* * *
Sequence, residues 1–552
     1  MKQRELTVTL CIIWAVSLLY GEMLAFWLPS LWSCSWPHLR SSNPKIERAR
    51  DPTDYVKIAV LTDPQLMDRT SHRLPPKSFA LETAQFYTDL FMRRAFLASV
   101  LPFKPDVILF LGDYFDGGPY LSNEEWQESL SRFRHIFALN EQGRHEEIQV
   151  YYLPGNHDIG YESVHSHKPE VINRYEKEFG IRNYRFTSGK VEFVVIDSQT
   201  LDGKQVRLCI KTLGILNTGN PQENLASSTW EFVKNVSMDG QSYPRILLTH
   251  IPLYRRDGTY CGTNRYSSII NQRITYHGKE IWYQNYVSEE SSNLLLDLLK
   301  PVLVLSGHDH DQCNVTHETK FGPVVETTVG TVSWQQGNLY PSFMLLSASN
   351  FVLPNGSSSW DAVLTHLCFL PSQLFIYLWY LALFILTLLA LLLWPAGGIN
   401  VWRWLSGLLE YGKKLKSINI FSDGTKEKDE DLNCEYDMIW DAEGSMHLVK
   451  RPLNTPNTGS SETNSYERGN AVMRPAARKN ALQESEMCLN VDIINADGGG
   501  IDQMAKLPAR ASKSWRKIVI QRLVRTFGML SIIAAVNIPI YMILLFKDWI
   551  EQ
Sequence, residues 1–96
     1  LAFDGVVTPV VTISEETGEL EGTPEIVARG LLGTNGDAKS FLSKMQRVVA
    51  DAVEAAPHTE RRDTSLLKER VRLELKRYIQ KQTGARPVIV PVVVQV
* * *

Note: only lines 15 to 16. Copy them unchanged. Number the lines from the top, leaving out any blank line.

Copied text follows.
     1  LAFDGVVTPV VTISEETGEL EGTPEIVARG LLGTNGDAKS FLSKMQRVVA
    51  DAVEAAPHTE RRDTSLLKER VRLELKRYIQ KQTGARPVIV PVVVQV